Created by Anna Winger and Alexa Karolinski
Starring Shira Haas, Amit Rahav, Jeff Wilbusch
Unorthodox is a limited series that shows you the inner workings of a Hasidic community. You know how they’re usually represented: by bearded men in black suits with sideburn ringlets. But the series actually strikes a note of startling intimacy at a setting far away from that enclave.
At one point in the first episode, we see Esty (Shira Haas), the 19-year-old girl whose escape from her ultra-Orthodox sect in Brooklyn forms the backbone of the story, standing at the side of Lake Wannsee in southwestern Berlin. A new acquaintance has just told her that a villa on the far shore is where the Third Reich first decided on exterminating the Jews, and Esty is staring at the waters as if they might contain a host of unimagined monsters.
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And then she wades in and peels off her wig, revealing her shaved head. Over the course of four episodes, Unorthodox will present many details of a secretive society, but it is at this moment that it reveals itself as something shocking yet liberating; Esty’s symbolic baptism in the waters of a place that caused her people so much pain and loss feels like both a sacrilege and a release.
Unorthodox is loosely based on the 2012 memoir of Deborah Feldman, who left the Satmar sect of Hasidic Jews in Williamsburg, Brooklyn, to settle in Berlin and become a writer. (An accompanying making-of featurette admits that the Berlin-set section is entirely fiction.) Admittedly, it derives much of its fascination from its granular depiction of Hasidic rituals and way of life. The biggest example is the series’ attention to the minutiae of Esty’s wedding to the shy and childlike Yanky (Amit Rahav): We see Esty obscured under a tent-like veil in her bejeweled wedding dress, as men in their furry shtreimel hats lead Yanky, his eyes closed, to his bride; we see a curtain hanging in the center of the reception, demarcating the areas where men and women dance; we see a small room where the newlyweds are given seven minutes to “do what [they] want.”
But more than the rituals, we get a glimpse into the sexual politics of this sealed enclave: the objectification of women as child bearers, the overbearing intrusiveness of the community in the business of intimacy, the use of trauma as a tool to ensure survival and replenishment.
Ultimately, Unorthodox is a portrait of how religion is more than a weekly commitment to attend services once a week; it is a living, breathing force that shapes lives. Far from declaring orthodoxy as a tool to oppress, Unorthodox takes a delicately balanced approach; when it shows Yanky at prayer or Esty’s grandfather presiding over Passover Seder, it shows how tradition sustains and fortifies a people.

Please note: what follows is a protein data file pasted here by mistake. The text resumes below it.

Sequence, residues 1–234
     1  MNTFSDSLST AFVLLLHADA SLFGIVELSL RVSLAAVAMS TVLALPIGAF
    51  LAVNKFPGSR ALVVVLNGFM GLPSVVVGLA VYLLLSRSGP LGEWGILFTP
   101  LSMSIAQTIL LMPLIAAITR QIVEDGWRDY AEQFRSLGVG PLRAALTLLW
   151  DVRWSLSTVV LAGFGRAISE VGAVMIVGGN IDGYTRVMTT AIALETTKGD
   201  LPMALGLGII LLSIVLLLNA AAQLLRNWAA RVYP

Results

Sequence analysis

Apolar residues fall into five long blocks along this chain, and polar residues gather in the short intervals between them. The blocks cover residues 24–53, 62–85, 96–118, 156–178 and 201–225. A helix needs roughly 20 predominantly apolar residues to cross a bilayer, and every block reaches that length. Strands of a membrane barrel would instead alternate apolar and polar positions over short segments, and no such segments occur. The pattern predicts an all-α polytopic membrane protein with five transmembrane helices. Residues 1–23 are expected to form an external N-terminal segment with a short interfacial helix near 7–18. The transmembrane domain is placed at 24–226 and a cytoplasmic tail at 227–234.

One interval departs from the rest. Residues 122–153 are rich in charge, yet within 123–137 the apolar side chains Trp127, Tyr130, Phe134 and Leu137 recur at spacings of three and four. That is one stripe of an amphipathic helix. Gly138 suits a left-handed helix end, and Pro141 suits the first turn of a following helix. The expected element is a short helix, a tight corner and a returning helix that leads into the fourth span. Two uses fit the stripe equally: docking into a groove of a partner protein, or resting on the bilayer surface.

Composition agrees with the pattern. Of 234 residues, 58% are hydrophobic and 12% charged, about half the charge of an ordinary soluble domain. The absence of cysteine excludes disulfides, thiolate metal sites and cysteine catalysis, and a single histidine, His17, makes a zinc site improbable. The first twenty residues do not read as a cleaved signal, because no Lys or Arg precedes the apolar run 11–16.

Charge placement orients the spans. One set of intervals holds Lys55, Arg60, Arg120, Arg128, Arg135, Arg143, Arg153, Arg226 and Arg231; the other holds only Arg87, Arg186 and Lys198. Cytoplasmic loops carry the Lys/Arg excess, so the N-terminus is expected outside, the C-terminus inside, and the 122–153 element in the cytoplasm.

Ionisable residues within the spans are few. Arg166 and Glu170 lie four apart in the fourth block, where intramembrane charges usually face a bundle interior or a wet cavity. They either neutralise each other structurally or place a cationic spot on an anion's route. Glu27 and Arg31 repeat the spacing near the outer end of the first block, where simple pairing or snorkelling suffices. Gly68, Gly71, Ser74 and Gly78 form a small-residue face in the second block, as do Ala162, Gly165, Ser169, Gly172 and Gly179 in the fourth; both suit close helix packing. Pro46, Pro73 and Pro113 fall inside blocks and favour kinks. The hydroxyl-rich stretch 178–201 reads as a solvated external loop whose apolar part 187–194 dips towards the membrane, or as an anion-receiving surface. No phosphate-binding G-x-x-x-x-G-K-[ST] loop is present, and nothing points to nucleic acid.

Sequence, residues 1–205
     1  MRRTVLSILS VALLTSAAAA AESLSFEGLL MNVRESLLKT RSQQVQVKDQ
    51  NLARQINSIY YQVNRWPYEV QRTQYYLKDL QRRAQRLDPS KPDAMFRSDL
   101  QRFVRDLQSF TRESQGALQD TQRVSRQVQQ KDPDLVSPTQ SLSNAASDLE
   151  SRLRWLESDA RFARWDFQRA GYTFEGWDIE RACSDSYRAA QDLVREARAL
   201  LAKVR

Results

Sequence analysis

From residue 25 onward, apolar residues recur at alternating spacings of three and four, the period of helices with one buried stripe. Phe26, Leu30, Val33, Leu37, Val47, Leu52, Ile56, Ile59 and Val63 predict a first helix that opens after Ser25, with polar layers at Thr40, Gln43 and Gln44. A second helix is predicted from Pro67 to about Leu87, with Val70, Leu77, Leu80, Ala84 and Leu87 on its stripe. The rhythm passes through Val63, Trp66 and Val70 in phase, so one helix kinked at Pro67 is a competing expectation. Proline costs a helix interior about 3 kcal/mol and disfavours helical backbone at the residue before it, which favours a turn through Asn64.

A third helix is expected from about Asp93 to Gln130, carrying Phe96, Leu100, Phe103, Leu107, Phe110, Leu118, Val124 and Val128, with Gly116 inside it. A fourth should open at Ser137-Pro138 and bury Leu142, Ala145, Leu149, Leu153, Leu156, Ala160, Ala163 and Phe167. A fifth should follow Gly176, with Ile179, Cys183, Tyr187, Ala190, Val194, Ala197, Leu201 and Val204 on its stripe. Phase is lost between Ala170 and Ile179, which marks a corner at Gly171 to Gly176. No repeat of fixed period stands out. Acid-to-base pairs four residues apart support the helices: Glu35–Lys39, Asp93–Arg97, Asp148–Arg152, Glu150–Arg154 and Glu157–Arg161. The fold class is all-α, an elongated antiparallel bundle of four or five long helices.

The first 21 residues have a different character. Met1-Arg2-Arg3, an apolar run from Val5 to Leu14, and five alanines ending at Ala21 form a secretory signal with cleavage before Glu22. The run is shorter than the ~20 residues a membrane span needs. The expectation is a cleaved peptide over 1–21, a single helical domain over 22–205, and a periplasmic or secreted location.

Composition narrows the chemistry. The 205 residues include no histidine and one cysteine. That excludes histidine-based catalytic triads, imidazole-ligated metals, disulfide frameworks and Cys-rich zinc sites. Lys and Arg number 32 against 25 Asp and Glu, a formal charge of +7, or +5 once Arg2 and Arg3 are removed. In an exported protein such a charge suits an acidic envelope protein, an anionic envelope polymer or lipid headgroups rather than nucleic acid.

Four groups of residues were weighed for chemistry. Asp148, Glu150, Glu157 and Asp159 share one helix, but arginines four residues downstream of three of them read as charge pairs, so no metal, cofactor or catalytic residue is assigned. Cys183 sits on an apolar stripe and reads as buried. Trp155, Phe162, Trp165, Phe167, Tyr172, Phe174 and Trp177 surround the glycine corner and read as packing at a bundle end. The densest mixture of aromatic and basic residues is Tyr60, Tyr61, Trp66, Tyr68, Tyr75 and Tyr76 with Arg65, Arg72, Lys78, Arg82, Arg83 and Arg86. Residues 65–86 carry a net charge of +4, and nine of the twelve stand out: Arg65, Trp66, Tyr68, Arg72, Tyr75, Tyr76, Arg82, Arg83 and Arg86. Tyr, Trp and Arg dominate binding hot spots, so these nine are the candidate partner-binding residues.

But the strict adherence to tradition can also imprison, which is how Unorthodox’s constant shifting from present to past and back again arrives at Esty’s fateful decision to flee her stifling marriage and start an uncertain life in Berlin, the historic epicenter of modern Jewish suffering now visualized as a light, airy alternative to its orthodoxy.
Unorthodox’s admirable balance is most apparent in its male leads. Rahav has the wide-eyed transparency to communicate Yanky’s credulity (watch for a funny sequence where he asks a smartphone for the whereabouts of his runaway wife) and his dawning, heartbreaking realization that his bride is more than he accounted for. Playing Yanky’s menacing cousin Moishe, Jeff Wilbusch resists the impulse to portray his character as a heavy by leaning into Moishe’s demons, his status as a fallen Hasid working for salvation but somehow always failing.
But the real star of the show is Shira Haas. Resembling a diminutive and vaguely consumptive Léa Seydoux, Haas runs through the whole range of emotion as Esty. Flawlessly shifting from Yiddish to German to English, Haas taps into an enormous reservoir of pain and confusion in one moment, sways in sensual abandon at a Berlin nightclub the next, then unleashes a deep homesickness for the life she left behind as she belts out a Yiddish traditional in the final episode. Haas embodies what Unorthodox is really about: Only in facing your fear will you find real freedom.
Unorthodox is currently streaming on Netflix.